Learn About Trading Derivatives Markets
Derivatives are tradable products that are based upon another market. This other market is known as the underlying market. Derivatives markets can be based upon almost any underlying market, including individual stocks (such as Apple Inc.), stock indexes (such as the S&P 500 stock index) and currency markets (such as the EUR/USD forex pair)
Types of Derivatives Markets
There are several general derivatives markets, each containing thousands of individual derivatives that can be traded. Here are the main ones day traders use:
- Futures Markets
- Options Markets
- Contract For Difference (CFD) Markets
Mayday traders trade the futures market. This is because there are many different types of futures contracts to trade; many of them with significant volume and daily price fluctuations, which is how day traders make money. A futures contract is an agreement between a buyer to exchange money for the underlying, at some future date.
For example, if you buy/sell a crude oil futures contract, you are agreeing to buy/sell a set amount of crude oil at a specific price (the price you place an order at) at some future date. You don't actually need to take delivery of the crude oil, rather you make or lose money based on whether the contract you bought/sold goes up or down in value relative to where you bought/sold it. You can then close out the trade at any time before it expires to lock in your profit or loss.
Options are another popular derivatives market. Options can be very complex or simple, depending on how you choose to trade them. The simplest way to trade options is through buying puts or calls. When you buy a put you are expecting the price of the underlying to fall below the strike price of the option before the option expires. If it does, you make money, if it doesn't, then you will lose the value (or some of it) that you paid for the option.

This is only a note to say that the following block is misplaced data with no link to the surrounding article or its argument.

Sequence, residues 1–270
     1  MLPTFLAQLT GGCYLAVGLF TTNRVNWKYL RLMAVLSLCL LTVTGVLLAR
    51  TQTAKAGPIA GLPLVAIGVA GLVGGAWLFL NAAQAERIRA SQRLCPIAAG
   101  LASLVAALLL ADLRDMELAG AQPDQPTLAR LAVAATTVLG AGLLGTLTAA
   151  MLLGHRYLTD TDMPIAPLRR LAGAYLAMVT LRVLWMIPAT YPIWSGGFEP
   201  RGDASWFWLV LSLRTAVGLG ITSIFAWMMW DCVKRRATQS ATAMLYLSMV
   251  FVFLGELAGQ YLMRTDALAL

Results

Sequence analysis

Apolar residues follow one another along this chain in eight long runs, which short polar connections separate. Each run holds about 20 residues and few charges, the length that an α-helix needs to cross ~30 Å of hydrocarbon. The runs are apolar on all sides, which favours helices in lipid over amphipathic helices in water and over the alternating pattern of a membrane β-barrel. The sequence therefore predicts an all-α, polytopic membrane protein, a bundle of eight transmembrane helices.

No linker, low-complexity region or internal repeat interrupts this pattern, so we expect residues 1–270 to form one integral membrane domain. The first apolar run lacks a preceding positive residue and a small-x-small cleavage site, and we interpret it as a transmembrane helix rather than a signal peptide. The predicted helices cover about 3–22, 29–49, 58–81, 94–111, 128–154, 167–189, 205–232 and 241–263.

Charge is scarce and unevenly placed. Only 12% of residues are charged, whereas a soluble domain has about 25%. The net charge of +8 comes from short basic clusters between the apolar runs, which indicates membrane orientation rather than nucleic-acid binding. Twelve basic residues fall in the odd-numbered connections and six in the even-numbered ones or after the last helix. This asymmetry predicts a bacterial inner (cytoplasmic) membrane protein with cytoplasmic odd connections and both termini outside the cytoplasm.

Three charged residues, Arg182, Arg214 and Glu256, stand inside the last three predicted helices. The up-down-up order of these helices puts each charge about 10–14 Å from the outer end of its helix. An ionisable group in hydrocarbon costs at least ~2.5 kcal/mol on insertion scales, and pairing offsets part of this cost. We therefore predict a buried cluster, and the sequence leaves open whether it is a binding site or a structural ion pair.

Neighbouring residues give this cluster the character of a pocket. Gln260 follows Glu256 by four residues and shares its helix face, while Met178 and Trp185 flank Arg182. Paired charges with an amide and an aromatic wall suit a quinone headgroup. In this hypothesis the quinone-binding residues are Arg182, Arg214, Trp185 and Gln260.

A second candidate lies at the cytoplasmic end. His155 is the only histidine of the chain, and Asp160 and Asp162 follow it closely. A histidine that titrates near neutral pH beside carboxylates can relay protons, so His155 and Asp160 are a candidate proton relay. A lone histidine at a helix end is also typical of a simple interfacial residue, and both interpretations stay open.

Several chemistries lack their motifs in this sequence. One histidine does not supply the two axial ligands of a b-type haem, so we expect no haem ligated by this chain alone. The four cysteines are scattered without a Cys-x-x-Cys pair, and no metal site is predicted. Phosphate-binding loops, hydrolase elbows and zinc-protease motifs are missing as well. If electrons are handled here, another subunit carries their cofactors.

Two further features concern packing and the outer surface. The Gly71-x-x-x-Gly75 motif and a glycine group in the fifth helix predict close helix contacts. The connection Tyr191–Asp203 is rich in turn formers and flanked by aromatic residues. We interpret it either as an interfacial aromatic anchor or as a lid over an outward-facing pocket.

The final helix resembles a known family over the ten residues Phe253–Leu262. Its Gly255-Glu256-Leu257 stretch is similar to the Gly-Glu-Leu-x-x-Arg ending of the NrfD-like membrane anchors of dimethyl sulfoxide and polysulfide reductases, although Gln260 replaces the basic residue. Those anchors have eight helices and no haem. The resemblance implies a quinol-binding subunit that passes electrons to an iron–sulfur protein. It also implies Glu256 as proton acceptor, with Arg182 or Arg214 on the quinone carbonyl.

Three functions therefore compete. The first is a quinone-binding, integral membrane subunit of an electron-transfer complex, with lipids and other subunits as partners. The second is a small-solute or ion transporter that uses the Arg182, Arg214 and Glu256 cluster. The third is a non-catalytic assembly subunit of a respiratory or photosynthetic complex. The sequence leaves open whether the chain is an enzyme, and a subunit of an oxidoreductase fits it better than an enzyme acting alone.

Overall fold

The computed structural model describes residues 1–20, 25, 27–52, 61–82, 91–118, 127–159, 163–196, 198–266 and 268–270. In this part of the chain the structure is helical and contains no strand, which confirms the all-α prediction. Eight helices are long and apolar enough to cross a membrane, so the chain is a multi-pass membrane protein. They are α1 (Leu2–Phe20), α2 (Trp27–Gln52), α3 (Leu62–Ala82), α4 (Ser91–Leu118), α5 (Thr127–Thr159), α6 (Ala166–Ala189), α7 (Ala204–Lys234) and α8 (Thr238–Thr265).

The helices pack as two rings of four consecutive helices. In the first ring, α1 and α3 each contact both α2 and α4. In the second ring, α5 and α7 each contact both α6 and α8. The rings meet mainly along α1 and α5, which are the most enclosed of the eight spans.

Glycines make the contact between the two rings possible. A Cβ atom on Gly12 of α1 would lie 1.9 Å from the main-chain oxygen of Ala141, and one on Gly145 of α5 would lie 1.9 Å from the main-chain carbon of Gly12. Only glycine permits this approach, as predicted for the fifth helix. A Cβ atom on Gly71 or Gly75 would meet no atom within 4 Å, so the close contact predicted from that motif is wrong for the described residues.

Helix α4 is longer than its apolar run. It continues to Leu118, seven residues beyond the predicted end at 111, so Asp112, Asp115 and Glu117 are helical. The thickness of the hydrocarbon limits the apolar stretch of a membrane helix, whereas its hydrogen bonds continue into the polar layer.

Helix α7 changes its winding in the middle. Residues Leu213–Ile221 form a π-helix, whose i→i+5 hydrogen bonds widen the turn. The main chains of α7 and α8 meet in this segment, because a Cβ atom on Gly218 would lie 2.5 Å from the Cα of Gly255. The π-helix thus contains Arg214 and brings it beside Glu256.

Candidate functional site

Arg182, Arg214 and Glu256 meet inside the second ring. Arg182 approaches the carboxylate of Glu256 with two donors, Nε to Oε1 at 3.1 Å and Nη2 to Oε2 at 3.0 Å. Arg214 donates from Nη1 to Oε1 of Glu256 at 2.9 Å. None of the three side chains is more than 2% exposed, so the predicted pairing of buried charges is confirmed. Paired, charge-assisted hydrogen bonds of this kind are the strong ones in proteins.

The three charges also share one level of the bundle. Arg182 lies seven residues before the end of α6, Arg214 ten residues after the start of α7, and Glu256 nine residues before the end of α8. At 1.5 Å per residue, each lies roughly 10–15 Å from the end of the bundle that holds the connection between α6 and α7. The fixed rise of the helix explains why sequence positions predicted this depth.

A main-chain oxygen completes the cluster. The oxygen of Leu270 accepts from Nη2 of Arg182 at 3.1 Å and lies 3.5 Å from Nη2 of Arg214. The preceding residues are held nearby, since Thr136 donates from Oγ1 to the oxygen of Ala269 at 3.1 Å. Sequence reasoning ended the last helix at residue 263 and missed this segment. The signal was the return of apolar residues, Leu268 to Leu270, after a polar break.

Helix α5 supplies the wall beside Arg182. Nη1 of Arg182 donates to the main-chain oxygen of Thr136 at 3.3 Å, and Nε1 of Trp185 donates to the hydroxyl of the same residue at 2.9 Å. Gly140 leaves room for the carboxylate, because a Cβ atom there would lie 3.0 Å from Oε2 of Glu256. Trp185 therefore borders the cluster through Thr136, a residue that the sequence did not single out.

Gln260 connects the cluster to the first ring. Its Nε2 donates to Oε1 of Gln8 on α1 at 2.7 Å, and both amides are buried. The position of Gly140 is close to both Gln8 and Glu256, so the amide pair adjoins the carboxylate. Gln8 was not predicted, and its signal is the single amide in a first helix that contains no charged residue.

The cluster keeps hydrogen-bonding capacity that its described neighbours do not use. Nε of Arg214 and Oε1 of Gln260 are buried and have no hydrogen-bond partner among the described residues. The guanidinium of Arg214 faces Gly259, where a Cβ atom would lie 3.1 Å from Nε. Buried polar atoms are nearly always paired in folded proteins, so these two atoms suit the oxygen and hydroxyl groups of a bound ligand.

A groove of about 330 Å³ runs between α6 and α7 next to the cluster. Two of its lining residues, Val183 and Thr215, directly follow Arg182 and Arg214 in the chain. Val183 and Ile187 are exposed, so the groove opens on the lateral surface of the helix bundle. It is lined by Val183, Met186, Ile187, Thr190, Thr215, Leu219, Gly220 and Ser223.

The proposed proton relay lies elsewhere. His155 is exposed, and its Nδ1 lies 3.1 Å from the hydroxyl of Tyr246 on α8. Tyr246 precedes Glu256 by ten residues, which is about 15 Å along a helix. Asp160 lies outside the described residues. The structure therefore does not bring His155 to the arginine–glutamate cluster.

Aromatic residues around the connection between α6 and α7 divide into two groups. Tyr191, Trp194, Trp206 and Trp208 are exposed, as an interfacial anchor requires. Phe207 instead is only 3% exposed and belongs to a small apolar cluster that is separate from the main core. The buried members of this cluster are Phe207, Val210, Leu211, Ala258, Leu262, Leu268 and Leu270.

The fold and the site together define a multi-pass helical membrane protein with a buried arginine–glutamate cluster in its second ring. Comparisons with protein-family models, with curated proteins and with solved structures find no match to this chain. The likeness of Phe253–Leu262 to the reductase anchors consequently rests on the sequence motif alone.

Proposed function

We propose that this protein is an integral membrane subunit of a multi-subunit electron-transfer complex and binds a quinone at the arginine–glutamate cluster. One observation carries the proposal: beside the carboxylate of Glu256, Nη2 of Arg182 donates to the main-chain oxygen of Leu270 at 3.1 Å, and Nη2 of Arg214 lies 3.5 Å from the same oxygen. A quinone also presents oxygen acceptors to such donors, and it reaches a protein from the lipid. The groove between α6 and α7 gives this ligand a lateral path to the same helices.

For example, if XYZ stock is trading at $63, but you believe it falls below $60, then you can buy a $60 put option. The put will cost you a specific dollar amount, called the premium. If the stock goes up, you only lose the premium you paid for the put. If the stock price goes down though then your option will increase in value, and you can sell it for more than what you paid for it (premium).
A call option works the same way, except when you buy a call you are expecting the price of the underlying to rise. For example, if you think ZYZY stock, currently trading at $58 will rally above $60, you can buy a call option with a strike price of $60. If the stock price rises, your option will increase in value and you stand to make more than you paid (premium). If the stock drops instead, you only lose the premium you paid for the call option.
Contract for Difference (CFD)
Contract for difference (CFD) markets are offered by various brokers, and therefore may differ from one broker to another. Typically they are simple instruments though, labeled with a similar name to the underlying. For example, if you buy a crude oil CFD, you are not actually buying into an agreement to buy crude oil (like with a futures contract) rather you are just entering into an agreement with your broker that if the price goes up, you make money, and if the price goes down you lose money. A CFD is like a "side bet" on another market.
With most CFD markets (check with your broker), if you believe the underlying asset will rise, you buy the CFD. If you believe the underlying asset will decline in value, then you sell or short the CFD. Your profit or loss is the difference between the prices you enter and exit the trade at.
Final Word on Derivatives Markets
Depending on a trader's trading style, and their capital requirements, one market may suit one trader more than another. Although one derivative market isn't necessarily better than another. Each market requires different capital amounts to trade, base on the margin requirement of that market.
Futures are very popular with day traders--day traders only trade within the day and don't hold positions overnight. Options and CFDs are more popular among swing traders--swing traders take trades that last a couple of days to a couple of weeks.
The Balance does not provide tax, investment, or financial services and advice. The information is being presented without consideration of the investment objectives, risk tolerance or financial circumstances of any specific investor and might not be suitable for all investors. Past performance is not indicative of future results. Investing involves risk including the possible loss of principal.